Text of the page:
of a successful transplant. Well, that' s that assumption out the window as soon asº The key goes in, the kill-switch is off, butº silence. No click of a solenoid, no fuel being rushed to the carburetors, no igniters igniting. No suck, no sq ueeze, no bang and deae nitely no blow: just profanities from yours truly and a desire to burn the evil witch. diot lights light, but that' s as far as the reworks go. With a bit of searching, it' s clear that the Bandit has a crude (but hey, effective) anti-theft system built in to the ignition. The CDI needs to see a resistance in one of the wires to re. This is to stop the bike being hotwired and my new ignition switch (for a Gixer 11) doesn' t have that function. solder in a resistor that gets the bike running. Praise be to the almighty Lord of Combustion! With a knowingly racy burble emerging from the chrome tip of the oshi race can, m ready for irst Ride' : The Seq uel. let the engine temperature climb as check for leaks: all good. give it a rev and the bike cuts out like an invisible nger has icked the kill switch sharp and nal. start her again and the same thing happens. Bugger, this thing' s cursed. t feels electrical but, as ve swapped the whole system (from battery terminals to handlebar switchgear, m not falling for that trick again. nstead my focus is on the K& N pod lters that adorn the carbs. With tape, start to block off some of the surface area of the lters and the engine cutting out gets less decisive. When had the carbs apart to clean them, some no-doubt-race-mechanic-legend had decided to le the main jet ends so that there are no numbers on them hence haven' t a clue what size they are. All have to go on is that the Bandit was sporting a slip-on, air-box mod (enlarged intake hole) and a K& N panel lter. So decide to reverse engineer the solution by making foam strips that cover the lters and then add disposable paper towels until the engine feels right. up, it might seem weird pulling over and shoving paper towels on your K& Ns, but got it so that the bike pulled hard from idle to high pretty uick. f this was a trackday bike d be crazy to do it this way, but the Bandit engine now has more than enough torq ue to propel me around the countryside at a more than interesting rate of knots! Back home, (literally) line-up a couple of lengths of aluminium and clamp them to the rear wheel. Measuring their gap at the front and rear of the front wheel rim, the result shows that the front is 40mm to the left, which means there' s a 20mm-sized problem. By adjusting the back wheel precisely, get the gap down by 16mm, then hit a home run with a 2mm spacer between the left-hand side swingarm and sprocket carrier spacer. Result. As for the chain run, swap the slightly dished rear sprocket around and then add a 2mm spacer behind the gearbox sprocket. So that' s all my alignments aligned, then. While have the front sprocket cover off, take the opportunity to swap over the GSX-R cover to the Bandit one. d used the Gixer one as it has a pivot for the articulated gear linkage, whereas the Bandit' s gear lever is part of the footrest. Out with the drill, the pivot gets added to the cover. So that' s that, then. With the last minute engine swap it' s taken just a tad over 10 weeks to build myself a keeper. An old school icon that' s been dragged up-to-date with a bit of nip n' tuck, a torq uey mill and killer brakes. Coming soon: the GSX-R10/11/12 road test, and there' s a nal sting in the tail!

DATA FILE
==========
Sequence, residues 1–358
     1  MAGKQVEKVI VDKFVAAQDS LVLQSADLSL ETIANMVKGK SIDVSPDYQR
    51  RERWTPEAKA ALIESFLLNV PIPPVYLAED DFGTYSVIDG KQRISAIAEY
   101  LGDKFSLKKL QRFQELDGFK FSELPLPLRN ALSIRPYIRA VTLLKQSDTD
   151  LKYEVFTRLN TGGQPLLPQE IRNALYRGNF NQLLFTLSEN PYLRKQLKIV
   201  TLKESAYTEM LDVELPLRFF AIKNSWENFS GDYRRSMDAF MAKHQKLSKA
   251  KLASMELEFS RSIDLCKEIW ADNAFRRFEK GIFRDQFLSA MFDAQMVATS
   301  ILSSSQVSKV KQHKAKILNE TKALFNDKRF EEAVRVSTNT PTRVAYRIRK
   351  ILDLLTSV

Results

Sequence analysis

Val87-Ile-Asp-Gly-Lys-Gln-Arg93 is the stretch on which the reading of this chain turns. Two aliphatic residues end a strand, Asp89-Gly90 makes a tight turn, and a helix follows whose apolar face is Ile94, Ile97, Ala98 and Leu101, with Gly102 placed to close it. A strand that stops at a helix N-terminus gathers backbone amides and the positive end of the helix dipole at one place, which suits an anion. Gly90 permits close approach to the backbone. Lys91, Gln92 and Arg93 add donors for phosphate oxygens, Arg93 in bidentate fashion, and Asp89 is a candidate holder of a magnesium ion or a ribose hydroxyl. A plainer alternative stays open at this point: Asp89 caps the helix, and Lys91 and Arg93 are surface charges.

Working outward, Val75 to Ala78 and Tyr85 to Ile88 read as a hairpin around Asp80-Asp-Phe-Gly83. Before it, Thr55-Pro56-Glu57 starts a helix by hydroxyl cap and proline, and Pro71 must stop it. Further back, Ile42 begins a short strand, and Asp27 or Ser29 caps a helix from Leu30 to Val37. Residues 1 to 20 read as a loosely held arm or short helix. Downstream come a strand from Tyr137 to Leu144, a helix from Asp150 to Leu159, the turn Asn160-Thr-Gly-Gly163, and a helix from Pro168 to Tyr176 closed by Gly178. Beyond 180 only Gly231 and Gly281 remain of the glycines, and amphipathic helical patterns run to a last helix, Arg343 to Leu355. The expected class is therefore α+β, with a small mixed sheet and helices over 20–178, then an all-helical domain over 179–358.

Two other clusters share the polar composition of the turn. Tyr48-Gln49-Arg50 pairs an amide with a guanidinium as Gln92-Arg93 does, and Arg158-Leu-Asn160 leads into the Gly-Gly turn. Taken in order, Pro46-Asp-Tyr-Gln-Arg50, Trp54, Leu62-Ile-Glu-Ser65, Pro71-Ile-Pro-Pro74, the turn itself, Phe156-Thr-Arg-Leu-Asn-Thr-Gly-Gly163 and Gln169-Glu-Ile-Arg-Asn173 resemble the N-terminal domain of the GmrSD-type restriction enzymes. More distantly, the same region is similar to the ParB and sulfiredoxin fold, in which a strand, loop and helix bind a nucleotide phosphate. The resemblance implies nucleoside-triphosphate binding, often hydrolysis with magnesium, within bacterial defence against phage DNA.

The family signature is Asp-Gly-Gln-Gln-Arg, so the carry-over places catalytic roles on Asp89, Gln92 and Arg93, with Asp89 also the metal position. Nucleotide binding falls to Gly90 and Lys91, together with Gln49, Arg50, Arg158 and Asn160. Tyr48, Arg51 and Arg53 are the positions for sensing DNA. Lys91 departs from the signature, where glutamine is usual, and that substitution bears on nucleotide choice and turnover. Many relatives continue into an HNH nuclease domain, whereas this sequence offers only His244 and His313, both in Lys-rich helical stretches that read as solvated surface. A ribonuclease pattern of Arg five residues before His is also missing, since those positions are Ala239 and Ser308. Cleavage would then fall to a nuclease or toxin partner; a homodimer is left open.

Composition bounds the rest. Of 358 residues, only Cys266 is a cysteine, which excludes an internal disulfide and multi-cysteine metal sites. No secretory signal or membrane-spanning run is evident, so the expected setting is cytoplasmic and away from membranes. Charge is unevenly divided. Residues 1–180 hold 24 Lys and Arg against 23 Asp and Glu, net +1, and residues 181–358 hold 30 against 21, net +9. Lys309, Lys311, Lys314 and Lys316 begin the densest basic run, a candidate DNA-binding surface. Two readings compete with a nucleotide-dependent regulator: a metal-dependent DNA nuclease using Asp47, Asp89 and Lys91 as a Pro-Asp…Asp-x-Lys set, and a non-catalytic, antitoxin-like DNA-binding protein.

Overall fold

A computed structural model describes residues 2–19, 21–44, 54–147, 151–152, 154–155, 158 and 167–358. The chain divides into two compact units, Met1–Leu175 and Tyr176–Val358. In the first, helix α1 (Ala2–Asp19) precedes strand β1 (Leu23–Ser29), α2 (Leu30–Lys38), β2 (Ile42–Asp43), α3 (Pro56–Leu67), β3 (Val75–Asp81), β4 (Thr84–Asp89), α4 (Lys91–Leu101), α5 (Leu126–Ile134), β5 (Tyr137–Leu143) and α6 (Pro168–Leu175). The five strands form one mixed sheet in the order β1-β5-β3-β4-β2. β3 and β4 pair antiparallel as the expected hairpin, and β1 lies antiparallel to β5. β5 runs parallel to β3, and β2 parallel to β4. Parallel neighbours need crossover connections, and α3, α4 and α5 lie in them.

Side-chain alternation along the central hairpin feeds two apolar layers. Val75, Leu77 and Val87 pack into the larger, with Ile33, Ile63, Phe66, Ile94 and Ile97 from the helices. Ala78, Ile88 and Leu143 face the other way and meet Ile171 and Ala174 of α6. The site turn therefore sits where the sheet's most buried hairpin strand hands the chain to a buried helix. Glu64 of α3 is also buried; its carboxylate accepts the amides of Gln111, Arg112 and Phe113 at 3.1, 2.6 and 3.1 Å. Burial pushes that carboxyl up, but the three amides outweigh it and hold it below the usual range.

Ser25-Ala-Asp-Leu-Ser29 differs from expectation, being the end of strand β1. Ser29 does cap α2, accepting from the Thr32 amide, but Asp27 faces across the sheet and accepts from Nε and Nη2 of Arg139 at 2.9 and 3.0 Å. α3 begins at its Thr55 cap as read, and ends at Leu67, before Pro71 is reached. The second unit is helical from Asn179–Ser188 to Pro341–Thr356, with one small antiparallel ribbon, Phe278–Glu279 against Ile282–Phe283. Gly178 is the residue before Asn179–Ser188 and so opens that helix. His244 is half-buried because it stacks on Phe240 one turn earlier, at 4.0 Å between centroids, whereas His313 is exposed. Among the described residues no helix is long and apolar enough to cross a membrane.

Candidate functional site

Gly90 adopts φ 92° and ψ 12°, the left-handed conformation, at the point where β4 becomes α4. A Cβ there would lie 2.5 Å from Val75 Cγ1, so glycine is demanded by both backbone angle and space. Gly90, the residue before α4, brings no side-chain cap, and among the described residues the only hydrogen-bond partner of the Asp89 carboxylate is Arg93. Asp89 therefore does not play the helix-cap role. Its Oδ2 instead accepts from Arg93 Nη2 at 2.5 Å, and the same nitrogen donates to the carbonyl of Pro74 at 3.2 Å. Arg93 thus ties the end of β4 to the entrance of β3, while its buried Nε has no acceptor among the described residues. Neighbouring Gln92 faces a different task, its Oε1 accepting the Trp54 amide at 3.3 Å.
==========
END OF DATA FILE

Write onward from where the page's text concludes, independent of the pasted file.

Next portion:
She looks the part...
ryin to find out wh at’ s wrong ... wh won’ t it start?
Ch ec king everyth ing in th e arbs.
Battery an now o under th e seat.
nd now wired in.
Resistanc e is futile ...
Carb sorting .
Sod it otor swap!
Key in, ready to o...
Cool levers .
Which would you have?
Bandit 1200 motor in situ: Wildy wants colours to match!
Bandit clocks over GSX-R clocks.
Start this time you swine!
Getting the thing to run right.
Is Wildy clocking her?